Industrialization and Captains of Industry

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How did industrial trusts in steel and oil develop, and what was their economic impact?

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What became an immense steel trust was begun by Andrew Carnegie, a Scottish immigrant. In the 1870s, he co-found a steel company close to Pittsburg. He bought up raw materials, transportation systems, and other factories that were unable to compete with him until he formed the Carnegie Steel Company in 1892. The banker John Morgan bought Carnegie's company in 1901 for almost $500 million dollars, an incredible sum at the time. Morgan then consolidated Carnegie Steel with other companies he had bought to create the massive trust called US Steel.

John D. Rockefeller was responsible for the monopoly known as the Standard Oil Company. Rockefeller was ruthless in eliminating rivals by undercutting them in pricing and buying up oil supplies, pipelines, and storage facilities. By the time he formed the Standard Oil Trust in 1882, it controlled 95 percent of the oil refining capability in the United States.

These gigantic trusts had several profound effects on the economy. First of all, they created great hardship on smaller and often more ethical companies as they drove them out of business. They widened the gap between the few rich and the many poor in America.

The overwhelming economic power in the hands of a few individuals prompted the federal government to take regulatory action, notably with the Sherman Anti-Trust Act of 1890 and later with the Clayton Act and the Federal Trade Commission Act of 1914. These pieces of legislation made trusts that dominated the marketplace illegal in order to ensure that economic competition remained a level playing field. These laws had a profound impact on business practices in the United States.

Another more positive effect of the wealth that resulted from these trusts should also be noted. Both Andrew Carnegie and John D. Rockefeller became philanthropists later in their careers, giving away hundreds of millions of dollars to educational, scientific, religious, and social causes. This generosity set an example for other wealthy individuals in generations to come.

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Toward the end of the 1800s, huge trusts began to form in various industries, including the steel and the oil industries. This occurred in various ways. One factor that influenced the formation of trusts was the benefits of forming a corporation over a non-corporation. With a corporation, businesses can raise money more quickly by selling stock. The owners are also protected from lawsuits. Only the corporation can be sued, not the owners of the corporation.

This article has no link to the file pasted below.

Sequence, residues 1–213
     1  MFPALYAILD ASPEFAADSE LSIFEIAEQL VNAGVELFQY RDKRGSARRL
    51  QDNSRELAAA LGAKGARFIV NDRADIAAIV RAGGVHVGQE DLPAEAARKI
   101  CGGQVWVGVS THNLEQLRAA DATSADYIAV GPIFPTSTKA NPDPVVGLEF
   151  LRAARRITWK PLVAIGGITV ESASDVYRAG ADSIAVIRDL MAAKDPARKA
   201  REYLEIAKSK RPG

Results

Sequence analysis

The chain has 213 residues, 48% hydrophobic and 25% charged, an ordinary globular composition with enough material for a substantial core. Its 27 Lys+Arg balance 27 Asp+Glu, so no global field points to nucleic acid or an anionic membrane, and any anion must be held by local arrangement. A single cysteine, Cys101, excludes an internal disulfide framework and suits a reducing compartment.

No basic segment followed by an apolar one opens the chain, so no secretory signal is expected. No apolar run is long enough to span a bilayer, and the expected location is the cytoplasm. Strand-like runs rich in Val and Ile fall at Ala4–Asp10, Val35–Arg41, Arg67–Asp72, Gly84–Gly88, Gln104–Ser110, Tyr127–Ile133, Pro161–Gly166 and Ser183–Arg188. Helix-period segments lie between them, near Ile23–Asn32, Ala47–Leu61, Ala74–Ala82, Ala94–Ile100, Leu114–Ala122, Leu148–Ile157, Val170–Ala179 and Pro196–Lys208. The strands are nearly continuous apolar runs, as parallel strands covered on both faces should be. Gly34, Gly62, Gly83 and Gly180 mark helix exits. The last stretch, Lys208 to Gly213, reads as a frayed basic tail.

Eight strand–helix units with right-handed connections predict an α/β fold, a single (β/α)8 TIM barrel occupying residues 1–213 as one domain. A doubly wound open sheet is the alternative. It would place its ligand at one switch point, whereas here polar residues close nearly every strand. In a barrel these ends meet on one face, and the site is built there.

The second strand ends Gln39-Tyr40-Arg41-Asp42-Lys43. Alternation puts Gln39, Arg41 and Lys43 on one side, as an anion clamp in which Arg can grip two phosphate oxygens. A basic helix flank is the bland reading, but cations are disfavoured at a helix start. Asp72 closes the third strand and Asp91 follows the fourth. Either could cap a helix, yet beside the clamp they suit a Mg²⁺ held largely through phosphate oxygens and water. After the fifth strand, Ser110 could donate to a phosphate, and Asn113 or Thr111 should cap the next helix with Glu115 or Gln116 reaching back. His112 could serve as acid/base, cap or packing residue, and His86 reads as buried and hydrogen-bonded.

Andrew Carnegie and John D. Rockefeller formed huge trusts in their respective industries. Carnegie had a big trust in the steel industry while Rockefeller had a big trust in the oil industry. They would often undersell the competition, forcing the competition to sell their businesses to Carnegie or Rockefeller. By buying out the competition, these men were able to dominate their industries.

The economy was affected by these actions. For consumers, fewer choices are not a good thing. Businesses are able to charge whatever prices they want when there is little or no competition. Workers are often negatively affected because they are working in huge companies. These workers are easily replaced. This makes it hard for them to get better pay and working conditions. The economy is dominated by a handful of influential businessmen. These people often influence major economic decisions because of the power they have.

The development of these trusts helped lead to the start of the Progressive Era. People became upset with the abuses they saw in politics, the economy, and the business world. This led to a series of laws and the development of government agencies to regulate the actions of businesses.  

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